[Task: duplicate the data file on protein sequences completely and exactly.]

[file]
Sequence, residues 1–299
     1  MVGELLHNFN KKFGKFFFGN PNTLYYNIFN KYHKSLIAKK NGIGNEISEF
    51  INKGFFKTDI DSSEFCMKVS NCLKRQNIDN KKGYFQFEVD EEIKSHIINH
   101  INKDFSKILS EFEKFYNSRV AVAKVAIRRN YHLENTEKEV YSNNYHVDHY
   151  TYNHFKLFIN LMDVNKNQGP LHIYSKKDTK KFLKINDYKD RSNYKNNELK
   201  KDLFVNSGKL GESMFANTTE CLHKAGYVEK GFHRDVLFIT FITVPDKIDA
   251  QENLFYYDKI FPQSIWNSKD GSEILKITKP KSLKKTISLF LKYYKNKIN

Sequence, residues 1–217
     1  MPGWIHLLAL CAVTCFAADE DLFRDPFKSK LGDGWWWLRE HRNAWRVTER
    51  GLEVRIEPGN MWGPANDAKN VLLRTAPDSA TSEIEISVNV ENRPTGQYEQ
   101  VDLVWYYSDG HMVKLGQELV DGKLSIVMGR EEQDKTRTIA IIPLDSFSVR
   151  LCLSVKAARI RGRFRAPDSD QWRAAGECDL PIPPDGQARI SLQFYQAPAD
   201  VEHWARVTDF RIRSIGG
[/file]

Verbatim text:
Sequence, residues 1–299
     1  MVGELLHNFN KKFGKFFFGN PNTLYYNIFN KYHKSLIAKK NGIGNEISEF
    51  INKGFFKTDI DSSEFCMKVS NCLKRQNIDN KKGYFQFEVD EEIKSHIINH
   101  INKDFSKILS EFEKFYNSRV AVAKVAIRRN YHLENTEKEV YSNNYHVDHY
   151  TYNHFKLFIN LMDVNKNQGP LHIYSKKDTK KFLKINDYKD RSNYKNNELK
   201  KDLFVNSGKL GESMFANTTE CLHKAGYVEK GFHRDVLFIT FITVPDKIDA
   251  QENLFYYDKI FPQSIWNSKD GSEILKITKP KSLKKTISLF LKYYKNKIN

Sequence, residues 1–217
     1  MPGWIHLLAL CAVTCFAADE DLFRDPFKSK LGDGWWWLRE HRNAWRVTER
    51  GLEVRIEPGN MWGPANDAKN VLLRTAPDSA TSEIEISVNV ENRPTGQYEQ
   101  VDLVWYYSDG HMVKLGQELV DGKLSIVMGR EEQDKTRTIA IIPLDSFSVR
   151  LCLSVKAARI RGRFRAPDSD QWRAAGECDL PIPPDGQARI SLQFYQAPAD
   201  VEHWARVTDF RIRSIGG